New Velvet Assassin screens plus details on the game’s weapons

Gamecock just slapped us with some fresh new screens from their upcoming stealth-action game, Velvet Assassin. This game looks just better and better every time I see something new. This has been on my radar ever since last year at EIEIO and I just can’t wait to get my hands on Velvet.

We also received images of all the weapons that will be featured in the game. Check them out in the gallery below and hit the jump to get a briefing on all of the weapons seen below. For more information on Velvet Assassin, check out my preview from EIEIO 2007 and Nick’s preview from EIEIO 2008.



    The Colt, or M1911, is a .45 caliber, single action, semi-automatic handgun, which was the standard-issue handgun in the combat arm of the United States Armed Forces from 1911 to 1985.  The design is described as one of the most effective and reliable in the history of firearms, having a service life of over 70 years.  A lot of the mechanisms used in the original Colt 45 are still used in standard issue handguns worldwide to date.

    G-43 Rifle:

    The Gewehr 43 is a semi-automatic German rifle used during WW2.  It followed many earlier less successful designs but became popular due to its weight, reliability and its ability to be mass produced.  It was given to German Army units that were in more advanced positions and was used as a Sniper Rifle due to its accuracy.  It could not be fitted with a bayonet, so in close combat it was less successful.


    The Luger P. 08 is a 9mm recoil action, semi-automatic pistol, which was the standard-issue pistol for the German Armed forces from 1908 to 1938, although was still primarily used by Officers as their standard side-arm throughout WW2.  It was a much coveted prize if it was found by the Allied Forces and was often traded between themselves for cigarettes and other rations.

    Luger Carbine:

    The Luger Carbine or ‘Zie Lange Pistole 08’ is a 9mm recoil action, long barrelled pistol which could be turned in to a rifle with a 32 round drum magazine (like the American Tommy guns made famous by Al Capone).  This dual purpose weapon proved popular during ‘Blitz Krieg’ with the fast moving SS troops needing less weight to carry so having two guns in one was a great advantage.


    The MG-42 (shortened from German: Maschinengewehr 42, or “Machine Gun 42”) is a machine gun that was developed for, and entered service with, Nazi Germany in 1942, during World War II.   The machine gun was a huge contributor to Allied casualties and the MG-42 was made infamous to its durability, reliability, simplicity to operate and the ease in which it could be moved and reloaded.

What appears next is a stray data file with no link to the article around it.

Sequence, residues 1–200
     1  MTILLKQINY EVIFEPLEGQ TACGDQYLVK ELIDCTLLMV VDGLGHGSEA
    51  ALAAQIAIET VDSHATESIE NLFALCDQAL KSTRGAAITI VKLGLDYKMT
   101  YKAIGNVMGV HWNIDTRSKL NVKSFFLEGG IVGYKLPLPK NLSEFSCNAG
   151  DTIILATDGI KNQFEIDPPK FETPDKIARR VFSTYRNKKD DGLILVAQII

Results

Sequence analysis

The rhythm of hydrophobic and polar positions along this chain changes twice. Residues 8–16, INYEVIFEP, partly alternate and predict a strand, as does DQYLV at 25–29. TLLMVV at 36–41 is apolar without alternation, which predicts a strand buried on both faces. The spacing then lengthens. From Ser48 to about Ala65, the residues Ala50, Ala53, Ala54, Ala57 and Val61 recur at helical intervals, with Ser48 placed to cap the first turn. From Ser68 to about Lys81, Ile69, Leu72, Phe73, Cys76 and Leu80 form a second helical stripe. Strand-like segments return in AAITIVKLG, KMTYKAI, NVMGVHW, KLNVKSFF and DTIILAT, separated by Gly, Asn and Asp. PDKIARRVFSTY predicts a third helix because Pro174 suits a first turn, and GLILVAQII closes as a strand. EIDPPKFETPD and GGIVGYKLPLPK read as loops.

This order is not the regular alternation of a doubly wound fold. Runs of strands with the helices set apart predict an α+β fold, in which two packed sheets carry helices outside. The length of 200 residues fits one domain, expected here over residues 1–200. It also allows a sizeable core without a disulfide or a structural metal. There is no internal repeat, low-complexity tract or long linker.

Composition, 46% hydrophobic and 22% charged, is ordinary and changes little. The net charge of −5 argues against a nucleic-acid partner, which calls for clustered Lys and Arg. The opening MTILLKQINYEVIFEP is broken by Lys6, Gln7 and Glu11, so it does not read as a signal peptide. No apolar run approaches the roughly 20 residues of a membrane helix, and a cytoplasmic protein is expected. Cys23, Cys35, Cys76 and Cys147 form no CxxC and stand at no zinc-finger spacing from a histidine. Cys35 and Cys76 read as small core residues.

The MP40 (Maschinenpistole 40, literally “Machine Pistol 40”) is a submachine gun developed in Germany and used extensively by paratroopers and platoon and squad leaders during World War II.  The MP40 had a relatively low rate of fire and low recoil, which made it more manageable than other contemporary submachine guns.  As it is a machine pistol the user had the ability to hold it in one hand and fire either while parachuting or in close combat so didn’t have to fully expose them and risk being shot.


    The Shotgun was manufactured by all sides during WW2, but was not frequently used in regular combat.  It was used by the army to guard Prisoner of War camps, but proved very popular with the underground Militia forces throughout France and Belgium.  It was an easy weapon to use accurately due to the ammunition spread, especially with little combat training like that of most Guerilla forces.


    The StG44 (Sturmgewehr 44 or “Assault rifle model 1944”) was an assault rifle developed in Nazi Germany during WW2 and was the first of its kind to see major deployment.  It was named for propaganda reasons by Adolf Hitler himself and literally means ‘Storm Rifle’, intended to be used to storm Allied positions.  It was first deployed on the Eastern Front against Russia and was very effective in long range confrontation with the enemy and more useful in close quarter combat as it had the capability to be fitted with a bayonet or provide cover fire to help the advancing troops.


    The Flamethrower was a handheld or vehicle mounted weapon that consisted of three tanks, two filled with a flammable liquid and one with a pressurised gas (usually nitrogen) and a small reservoir where it’s then passed over an incendiary device before being pushed through the gun.  A primitive form of the flamethrower was used by the Byzantine Empire in Greece around 673 A.D.  It was fitted aboard ships and used to set other ships and rigging alight.  During WW2 troops carrying Flamethrowers were to a distinct disadvantage as their movement was impaired due to the tank strapped to their back and were a target for enemy snipers.  It is rumored that if these troops were captured they would be executed rather than taken prisoner due to the graphic nature of their victims’ death.  It was a particularly dangerous job and was known to be given to troops caught breaking rules or disrespecting officers.

    The word Grenade is derived from the French word for Pomegranate as it was a similar size and the shrapnel reminded troops of the seeds from the fruit.  It was primarily used to attack enemy positions such as bunkers or pillboxes; it was also used as an anti-personnel weapon to move the enemy from their positions making it easier to confront them with regular weapons.

Hamza Aziz